The Boston Marathon bombing was a horrendous tragedy, and plenty of folks more eloquent than I am have expressed their thoughts much better than I ever could.
Why’s that? I write romantic comedy. I don’t do well with dark moments, tears and a heavy heart. My whole family’s like that. There’s a reason we sat around cracking jokes before and after my dad’s funeral.
My predisposition to avoiding sadness is why, after the Sept. 11, 2001, terrorist attacks, I stopped writing. Months — maybe even a year — passed before I shook the funk and continued with the story I’d been working on (“Blind Date Bride”). I didn’t feel like being funny when the world as we knew it had changed forever.
But that was more than a decade ago, and if I’m going to be published before I’m too old to enjoy the victory, I don’t have the luxury of taking another six months to a year off. Besides, I signed up for the NaRoNoWriMo (National Romance Novel Writing Month) challenge to write 40K in April. I’m woefully behind — and was even before Monday’s attack. A couple of new rejections have waylaid me more than I’d like to admit. You’d think I’d be used to it by now, but my skin apparently isn’t as tough as it needs to be.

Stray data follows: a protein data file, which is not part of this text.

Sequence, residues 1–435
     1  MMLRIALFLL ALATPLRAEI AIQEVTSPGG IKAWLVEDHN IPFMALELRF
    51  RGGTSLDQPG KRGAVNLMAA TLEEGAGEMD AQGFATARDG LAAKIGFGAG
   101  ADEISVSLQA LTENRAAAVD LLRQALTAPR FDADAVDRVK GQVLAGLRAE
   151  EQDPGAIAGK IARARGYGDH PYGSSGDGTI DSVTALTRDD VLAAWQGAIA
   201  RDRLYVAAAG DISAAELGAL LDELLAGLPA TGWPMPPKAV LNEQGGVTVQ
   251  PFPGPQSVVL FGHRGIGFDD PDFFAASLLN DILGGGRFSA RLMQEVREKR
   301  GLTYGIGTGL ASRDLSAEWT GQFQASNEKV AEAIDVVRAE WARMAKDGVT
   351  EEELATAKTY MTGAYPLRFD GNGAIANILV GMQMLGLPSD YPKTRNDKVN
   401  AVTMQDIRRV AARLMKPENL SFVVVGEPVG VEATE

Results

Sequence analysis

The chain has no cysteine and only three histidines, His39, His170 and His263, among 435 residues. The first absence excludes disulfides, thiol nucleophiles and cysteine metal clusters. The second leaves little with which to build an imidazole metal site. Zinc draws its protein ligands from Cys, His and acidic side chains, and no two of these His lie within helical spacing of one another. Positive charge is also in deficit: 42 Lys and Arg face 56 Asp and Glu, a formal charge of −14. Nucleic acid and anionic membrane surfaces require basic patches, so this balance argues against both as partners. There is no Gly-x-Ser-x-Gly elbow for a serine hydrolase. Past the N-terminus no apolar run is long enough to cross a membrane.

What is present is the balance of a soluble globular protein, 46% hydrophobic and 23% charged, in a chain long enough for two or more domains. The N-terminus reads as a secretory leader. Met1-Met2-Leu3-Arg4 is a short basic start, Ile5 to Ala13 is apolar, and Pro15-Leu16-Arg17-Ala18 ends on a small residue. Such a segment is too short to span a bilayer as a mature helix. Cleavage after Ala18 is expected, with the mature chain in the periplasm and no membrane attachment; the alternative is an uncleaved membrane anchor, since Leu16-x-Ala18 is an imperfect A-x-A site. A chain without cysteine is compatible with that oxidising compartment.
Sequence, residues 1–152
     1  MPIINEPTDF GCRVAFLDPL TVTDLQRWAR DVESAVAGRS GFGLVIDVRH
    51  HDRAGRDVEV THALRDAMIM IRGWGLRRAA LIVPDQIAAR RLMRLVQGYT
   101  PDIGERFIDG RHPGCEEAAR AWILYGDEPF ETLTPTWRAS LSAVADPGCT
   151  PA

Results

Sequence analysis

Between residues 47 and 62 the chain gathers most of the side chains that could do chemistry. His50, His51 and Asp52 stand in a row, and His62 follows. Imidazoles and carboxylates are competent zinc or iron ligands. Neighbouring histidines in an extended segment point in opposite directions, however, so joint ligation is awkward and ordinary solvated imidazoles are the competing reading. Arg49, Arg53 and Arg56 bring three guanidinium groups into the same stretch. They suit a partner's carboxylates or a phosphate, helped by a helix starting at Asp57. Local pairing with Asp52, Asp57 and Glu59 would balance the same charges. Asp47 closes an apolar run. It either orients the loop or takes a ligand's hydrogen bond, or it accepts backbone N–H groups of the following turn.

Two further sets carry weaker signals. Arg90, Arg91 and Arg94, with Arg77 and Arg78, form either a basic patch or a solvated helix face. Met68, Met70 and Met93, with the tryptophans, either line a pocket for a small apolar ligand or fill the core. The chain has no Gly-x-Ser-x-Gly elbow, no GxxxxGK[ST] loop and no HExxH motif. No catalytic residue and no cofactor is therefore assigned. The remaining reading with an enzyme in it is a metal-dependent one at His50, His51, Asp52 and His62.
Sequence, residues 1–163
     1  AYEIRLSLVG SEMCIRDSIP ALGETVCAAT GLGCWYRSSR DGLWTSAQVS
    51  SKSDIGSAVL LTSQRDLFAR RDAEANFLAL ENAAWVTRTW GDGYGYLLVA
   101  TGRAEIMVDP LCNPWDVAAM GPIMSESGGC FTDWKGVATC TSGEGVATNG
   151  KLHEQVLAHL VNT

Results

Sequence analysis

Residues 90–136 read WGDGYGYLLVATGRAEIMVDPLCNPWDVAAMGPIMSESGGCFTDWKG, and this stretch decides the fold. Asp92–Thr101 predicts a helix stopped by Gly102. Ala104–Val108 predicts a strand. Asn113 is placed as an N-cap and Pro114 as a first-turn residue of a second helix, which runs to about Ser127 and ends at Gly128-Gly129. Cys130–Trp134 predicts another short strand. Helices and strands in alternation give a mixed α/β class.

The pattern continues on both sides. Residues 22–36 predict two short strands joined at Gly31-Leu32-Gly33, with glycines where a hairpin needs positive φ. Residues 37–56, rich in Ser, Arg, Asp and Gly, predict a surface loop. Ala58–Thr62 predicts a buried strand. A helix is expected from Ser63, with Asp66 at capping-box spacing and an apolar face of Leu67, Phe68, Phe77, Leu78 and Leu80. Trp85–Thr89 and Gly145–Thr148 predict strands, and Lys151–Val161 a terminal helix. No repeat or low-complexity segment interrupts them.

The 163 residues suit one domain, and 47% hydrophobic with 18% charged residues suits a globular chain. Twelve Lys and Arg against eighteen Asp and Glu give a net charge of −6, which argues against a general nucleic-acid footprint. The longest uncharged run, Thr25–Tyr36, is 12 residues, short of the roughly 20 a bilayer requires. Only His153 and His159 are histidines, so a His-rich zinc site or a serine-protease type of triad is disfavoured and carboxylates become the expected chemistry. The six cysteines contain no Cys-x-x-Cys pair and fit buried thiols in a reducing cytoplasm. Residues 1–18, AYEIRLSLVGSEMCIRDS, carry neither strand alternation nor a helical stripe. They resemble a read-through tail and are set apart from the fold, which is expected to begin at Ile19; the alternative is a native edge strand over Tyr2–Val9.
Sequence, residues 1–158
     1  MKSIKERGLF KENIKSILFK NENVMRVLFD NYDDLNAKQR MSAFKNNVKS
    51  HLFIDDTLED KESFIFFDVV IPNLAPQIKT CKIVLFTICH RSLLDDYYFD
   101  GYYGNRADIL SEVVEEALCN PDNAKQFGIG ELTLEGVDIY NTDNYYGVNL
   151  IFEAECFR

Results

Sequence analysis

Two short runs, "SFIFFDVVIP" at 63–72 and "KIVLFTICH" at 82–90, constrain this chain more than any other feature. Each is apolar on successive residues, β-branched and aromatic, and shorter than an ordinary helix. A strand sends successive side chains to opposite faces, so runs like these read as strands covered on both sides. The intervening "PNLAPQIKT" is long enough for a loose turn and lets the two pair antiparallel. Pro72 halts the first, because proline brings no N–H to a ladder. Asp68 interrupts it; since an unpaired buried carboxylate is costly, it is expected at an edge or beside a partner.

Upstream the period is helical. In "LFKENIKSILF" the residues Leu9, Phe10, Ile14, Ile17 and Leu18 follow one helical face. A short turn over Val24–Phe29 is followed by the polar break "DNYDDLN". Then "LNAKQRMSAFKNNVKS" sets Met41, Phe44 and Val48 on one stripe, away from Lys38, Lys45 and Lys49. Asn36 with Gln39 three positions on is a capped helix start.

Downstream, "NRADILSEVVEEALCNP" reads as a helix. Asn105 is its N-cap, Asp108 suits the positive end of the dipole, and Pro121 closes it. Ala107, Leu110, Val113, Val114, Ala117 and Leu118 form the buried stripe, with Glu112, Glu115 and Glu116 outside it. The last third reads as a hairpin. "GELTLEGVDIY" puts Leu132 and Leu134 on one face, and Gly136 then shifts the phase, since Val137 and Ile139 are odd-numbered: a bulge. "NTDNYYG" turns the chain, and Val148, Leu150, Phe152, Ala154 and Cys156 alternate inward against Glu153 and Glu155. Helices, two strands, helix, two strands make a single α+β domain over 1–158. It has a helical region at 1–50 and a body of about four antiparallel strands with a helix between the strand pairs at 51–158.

In keeping with the spirit of trying to get back in the swing of things, I made myself a note:
The sentiment is from my fellow NARWAns, Karen and Anne Marie. We were gathered for some writing time at Starbucks Thursday, and when I confessed I was struggling, they gave me a gentle shove in the right direction.
I will write — not only for myself, but also for anyone who needs to boost their mood … who wants a good laugh … who, like me, uses humor to cope with their deepest, darkest doubts.
I will write because if we stop doing what we want — if we don’t continue to follow our dreams — the terrorists win.
Uh-uh. Not on my watch.